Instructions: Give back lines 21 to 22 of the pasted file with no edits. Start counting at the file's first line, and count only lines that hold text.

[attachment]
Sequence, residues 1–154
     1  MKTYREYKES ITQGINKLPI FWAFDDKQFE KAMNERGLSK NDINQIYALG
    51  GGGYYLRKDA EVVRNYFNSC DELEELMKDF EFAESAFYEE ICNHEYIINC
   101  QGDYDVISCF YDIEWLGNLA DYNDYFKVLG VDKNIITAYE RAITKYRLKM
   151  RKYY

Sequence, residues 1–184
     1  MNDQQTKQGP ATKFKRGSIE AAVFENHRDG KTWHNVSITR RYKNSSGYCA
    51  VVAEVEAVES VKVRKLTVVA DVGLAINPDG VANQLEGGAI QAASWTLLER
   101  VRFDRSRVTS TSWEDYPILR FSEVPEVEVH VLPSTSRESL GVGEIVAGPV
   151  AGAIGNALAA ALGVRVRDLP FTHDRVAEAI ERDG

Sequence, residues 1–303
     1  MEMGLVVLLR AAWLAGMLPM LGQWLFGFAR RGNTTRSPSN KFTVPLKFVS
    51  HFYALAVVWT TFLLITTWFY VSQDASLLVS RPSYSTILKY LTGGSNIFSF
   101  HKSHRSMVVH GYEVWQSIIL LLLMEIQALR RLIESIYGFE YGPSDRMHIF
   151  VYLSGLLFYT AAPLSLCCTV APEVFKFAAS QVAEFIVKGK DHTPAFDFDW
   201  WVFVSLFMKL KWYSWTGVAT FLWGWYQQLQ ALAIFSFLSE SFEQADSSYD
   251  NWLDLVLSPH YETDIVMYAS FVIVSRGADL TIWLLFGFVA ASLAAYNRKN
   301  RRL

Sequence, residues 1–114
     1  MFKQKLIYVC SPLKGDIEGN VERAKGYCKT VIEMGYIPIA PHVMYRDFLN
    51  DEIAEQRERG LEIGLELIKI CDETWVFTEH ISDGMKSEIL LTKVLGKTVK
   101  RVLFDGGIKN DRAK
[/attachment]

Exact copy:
    51  DEIAEQRERG LEIGLELIKI CDETWVFTEH ISDGMKSEIL LTKVLGKTVK
   101  RVLFDGGIKN DRAK